Photo credit: hektattoo.blogspot.com
Came with Ben after basketball a couple of Wednesdays ago. Despite living close to the restaurant (or soon-to-be used to be close), I never had the urge to A-Frame, because while I think that Chef Roy Choi’s other two efforts (Kogi, Chego) were decent, they were ultimately just mostly hype. Also, the menu didn’t get me excited. But in another attempt to try something new after playing basketball, A-Frame came to mind. And I had heard good things about the restaurant from coworkers. So it was finally time to give it a shot…
We got to the restaurant at around 9:30pm, and the place was packed. The place is pretty small, just a few wooden picnic-esque tables inside, a bar with a few stools, and a patio. Luckily, we were seated within a few minutes. Note that these tables are somewhat communal, so if you have a party of less than four, be prepared to sit with some strangers. I swear that Chef Choi was chillin’ with a bottle of grapefruit soda near the entrance of the restaurant. Not being sure about it, however, I just gave him the patented Chris Hei wave-nod. It was reciprocated.
Furikake Kettle Corn ($6) – buttered Blazin’ J’s Hawaiian style
Very interesting. Has a nice combination of sweet and savory flavors. I wish movie theater popcorn was like this.
Kitchen Fries ($6) – purple Okinawan sweet potato, yam, and Korean sweet potato with kimchi sour cream and sea salt
I couldn’t really differentiate the different between the different types (pretty damn dark – impossible to take good photos with an iPhone 3GS), but these fat sweet potato fries were awesome. That kimchi sour cream was delicious.
Baby Back Ribs ($11) – air-dried and hoisin-chili glazed
I’m usually not a fan of this “air-dried” preparation of ribs because I think that it dries up the juicy meat, but the flavor was good. Sweet hoisin hits the tongue, then the slight kick of spice creeps up.
Cracklin Beer Can Chicken ($11 – half) – with kimchi, century egg, salsa roja and verde
Has to be among the best preparation of chicken I’ve had in years. The skin had a nice rotisserie crisp, and the meat was just downright juicy. The chicken was best by itself, but having it with the different salsa gave it a different identity – like a really good version of El Pollo Loco. The egg, while also good, was more like a tea smoked egg than century egg.
Chu-Don’t-Know-Mang ($7) – pound cake cinnamon churros, with malted chocolate milk and vanilla ice cream
I was a little embarrassed when ordering this due to its name. The churros were good, but not great. The texture wasn’t very churros-esque – more like fried cake. The vanilla and malted chocolate milk was a nice complement.
I’m glad that Chef Choi’s passion project didn’t disappoint. In terms of individual dishes, the chicken is probably in my top ten for the year. The meal as a whole wasn’t perfect, but there were no bad dishes. I would definitely visit the restaurant again, and I’ll definitely order the chicken and kitchen fries again. A-Frame is a great place to take a small group to share various Asian-influenced takes on modern American comfort food.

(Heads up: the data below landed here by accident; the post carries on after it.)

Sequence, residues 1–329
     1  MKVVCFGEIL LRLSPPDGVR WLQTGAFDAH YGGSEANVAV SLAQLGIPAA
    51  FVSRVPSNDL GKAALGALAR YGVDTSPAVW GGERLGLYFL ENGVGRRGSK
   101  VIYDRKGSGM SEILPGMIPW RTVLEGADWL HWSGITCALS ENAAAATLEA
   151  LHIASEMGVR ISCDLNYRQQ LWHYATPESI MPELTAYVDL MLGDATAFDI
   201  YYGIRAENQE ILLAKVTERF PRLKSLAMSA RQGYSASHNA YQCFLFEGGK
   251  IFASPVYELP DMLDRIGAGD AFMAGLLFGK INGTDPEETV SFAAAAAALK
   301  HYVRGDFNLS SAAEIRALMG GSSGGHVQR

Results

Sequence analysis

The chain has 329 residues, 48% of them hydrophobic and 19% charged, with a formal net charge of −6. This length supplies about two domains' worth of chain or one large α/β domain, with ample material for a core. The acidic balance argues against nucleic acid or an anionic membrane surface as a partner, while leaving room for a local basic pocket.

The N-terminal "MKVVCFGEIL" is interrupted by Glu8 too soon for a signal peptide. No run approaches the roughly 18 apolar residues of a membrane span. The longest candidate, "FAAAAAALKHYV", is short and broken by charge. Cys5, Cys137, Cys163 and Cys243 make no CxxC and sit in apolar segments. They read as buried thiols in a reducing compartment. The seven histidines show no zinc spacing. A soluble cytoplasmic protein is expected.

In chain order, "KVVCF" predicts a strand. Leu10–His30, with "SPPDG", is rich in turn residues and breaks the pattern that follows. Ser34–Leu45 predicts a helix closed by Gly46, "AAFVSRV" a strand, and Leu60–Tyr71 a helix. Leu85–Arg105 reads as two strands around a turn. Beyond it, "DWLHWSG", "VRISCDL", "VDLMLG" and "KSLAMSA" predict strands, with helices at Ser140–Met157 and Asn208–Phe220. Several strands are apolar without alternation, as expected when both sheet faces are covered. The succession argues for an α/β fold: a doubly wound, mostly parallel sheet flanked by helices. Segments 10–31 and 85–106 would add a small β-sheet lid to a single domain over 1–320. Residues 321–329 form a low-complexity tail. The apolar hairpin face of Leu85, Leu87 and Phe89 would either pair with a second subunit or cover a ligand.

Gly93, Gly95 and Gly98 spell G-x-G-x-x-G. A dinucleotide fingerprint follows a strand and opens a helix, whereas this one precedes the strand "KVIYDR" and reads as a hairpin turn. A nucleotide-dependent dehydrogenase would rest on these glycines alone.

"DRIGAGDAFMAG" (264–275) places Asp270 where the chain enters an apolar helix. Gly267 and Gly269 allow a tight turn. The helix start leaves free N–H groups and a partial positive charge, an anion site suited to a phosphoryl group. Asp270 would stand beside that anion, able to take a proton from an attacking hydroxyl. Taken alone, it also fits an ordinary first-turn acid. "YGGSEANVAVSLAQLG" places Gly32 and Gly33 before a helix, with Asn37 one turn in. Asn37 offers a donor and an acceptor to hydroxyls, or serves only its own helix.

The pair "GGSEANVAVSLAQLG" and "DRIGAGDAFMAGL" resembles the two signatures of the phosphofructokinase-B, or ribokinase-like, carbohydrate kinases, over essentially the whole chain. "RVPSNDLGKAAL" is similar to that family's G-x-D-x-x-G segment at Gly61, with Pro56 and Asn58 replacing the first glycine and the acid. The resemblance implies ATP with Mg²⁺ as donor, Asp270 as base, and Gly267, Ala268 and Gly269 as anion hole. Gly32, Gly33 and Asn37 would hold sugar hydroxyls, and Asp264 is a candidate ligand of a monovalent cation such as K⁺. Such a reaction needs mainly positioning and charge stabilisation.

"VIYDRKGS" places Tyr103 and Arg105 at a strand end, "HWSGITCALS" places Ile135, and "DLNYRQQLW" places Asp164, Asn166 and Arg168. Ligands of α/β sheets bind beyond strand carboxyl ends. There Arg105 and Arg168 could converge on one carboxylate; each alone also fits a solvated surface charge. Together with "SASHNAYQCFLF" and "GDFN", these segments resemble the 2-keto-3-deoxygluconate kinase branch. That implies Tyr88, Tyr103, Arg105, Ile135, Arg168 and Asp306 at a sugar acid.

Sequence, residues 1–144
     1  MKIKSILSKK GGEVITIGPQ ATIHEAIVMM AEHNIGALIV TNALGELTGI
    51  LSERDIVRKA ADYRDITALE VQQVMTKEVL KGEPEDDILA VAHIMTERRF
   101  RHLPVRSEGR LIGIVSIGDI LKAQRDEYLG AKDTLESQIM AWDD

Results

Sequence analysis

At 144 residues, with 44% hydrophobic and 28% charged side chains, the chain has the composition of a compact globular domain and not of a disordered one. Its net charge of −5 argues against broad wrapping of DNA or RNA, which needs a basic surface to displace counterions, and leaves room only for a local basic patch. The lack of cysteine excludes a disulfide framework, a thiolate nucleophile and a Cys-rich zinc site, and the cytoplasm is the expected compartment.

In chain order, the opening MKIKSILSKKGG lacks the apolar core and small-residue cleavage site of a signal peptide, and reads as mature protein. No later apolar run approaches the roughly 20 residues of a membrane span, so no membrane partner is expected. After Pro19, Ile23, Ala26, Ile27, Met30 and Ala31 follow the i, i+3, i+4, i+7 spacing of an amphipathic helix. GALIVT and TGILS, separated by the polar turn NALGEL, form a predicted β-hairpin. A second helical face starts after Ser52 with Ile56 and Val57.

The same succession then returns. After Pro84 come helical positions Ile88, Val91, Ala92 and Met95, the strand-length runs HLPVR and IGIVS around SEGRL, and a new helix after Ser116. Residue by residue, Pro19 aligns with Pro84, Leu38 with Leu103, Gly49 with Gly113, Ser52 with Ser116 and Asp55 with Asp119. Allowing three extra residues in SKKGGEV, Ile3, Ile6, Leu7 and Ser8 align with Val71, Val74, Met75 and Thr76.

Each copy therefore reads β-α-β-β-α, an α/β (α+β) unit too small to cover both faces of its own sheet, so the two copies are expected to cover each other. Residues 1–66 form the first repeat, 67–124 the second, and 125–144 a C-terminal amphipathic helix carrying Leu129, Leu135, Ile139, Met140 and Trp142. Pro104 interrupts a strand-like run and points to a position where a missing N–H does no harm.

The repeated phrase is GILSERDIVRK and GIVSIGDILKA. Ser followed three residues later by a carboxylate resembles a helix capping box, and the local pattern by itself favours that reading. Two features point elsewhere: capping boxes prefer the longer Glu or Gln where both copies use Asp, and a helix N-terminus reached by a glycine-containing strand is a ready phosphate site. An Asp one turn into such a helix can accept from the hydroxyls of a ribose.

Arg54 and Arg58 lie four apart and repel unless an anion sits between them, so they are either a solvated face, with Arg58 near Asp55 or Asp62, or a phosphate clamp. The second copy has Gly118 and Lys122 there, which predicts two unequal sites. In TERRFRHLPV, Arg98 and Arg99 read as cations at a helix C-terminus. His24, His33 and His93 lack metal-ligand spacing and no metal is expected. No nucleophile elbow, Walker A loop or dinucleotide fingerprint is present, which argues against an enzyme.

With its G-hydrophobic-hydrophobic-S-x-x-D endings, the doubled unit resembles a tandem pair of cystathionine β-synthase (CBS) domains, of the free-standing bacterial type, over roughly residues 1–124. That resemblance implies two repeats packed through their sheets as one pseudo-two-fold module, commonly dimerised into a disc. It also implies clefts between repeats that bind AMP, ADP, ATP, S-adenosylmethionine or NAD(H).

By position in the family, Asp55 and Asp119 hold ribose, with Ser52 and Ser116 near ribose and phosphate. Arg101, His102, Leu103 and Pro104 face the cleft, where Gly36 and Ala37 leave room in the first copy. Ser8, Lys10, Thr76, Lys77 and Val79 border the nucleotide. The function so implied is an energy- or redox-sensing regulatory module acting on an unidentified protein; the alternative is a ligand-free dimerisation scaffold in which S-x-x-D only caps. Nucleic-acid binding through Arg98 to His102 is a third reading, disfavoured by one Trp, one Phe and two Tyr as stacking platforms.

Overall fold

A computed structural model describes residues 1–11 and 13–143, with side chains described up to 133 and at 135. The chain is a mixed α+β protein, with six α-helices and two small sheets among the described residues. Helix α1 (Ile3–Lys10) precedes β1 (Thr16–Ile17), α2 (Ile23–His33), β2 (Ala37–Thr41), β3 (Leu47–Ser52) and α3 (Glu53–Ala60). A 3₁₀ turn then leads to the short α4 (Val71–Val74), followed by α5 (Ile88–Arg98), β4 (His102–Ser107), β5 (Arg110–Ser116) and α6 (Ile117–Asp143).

Chris Hei grade: B+
12565 Washington Blvd
Los Angeles, CA 90066
6 thoughts on “A-Frame”
[…] didn’t realize that Waterloo & City was right next to A-Frame, which I found out when I went to the latter a couple of Wednesdays ago. After hearing glowing […]
[…] restaurant, however, is probably somewhere in between Kogi and Chef Choi’s other restaurant, A-Frame. Back in the day, when I lived in the Palms area (less than a month ago), Chego was within walking […]
[…] However, I will say that this might be my second favorite chicken of the year so far (behind A-Frame‘s, probably equal to Dino’s). Since I didn’t have this during the lunch I bought […]
[…] at UCLA. Or maybe because it was a good chance to complete my Roy Choi holy trinity (after visiting A-Frame and Chego). But regardless, I decided to stop the car and get some Kogi, despite my widely-known […]
[…] and Linh-Nam. It’s nice to go with a bigger group of diners, because I went with just Ben last time, and I wasn’t able to try too many things. But the dishes that we ordered were very good, and […]
[…] So China Poblano is the final product of what was supposed to be a Chinese restaurant The Cosmopolitan commissioned Chef Jose Andres to conceive? Sounds a little… preposterous. My theory: the hotel wanted to give Chef Andres two restaurants to appease him as the top dog in the building, but Chef didn’t know what type of restaurant to open (especially if planning for é was already in the works within Jaleo – since Spanish and “modernist” are what Chef’s known for). In the end, he probably conceived the idea of a Sino-Mexican fusion while drunk. But hey, Asian-Latin fusion? It’s been proven as a successful combination (see: Roy Choi restaurants). […]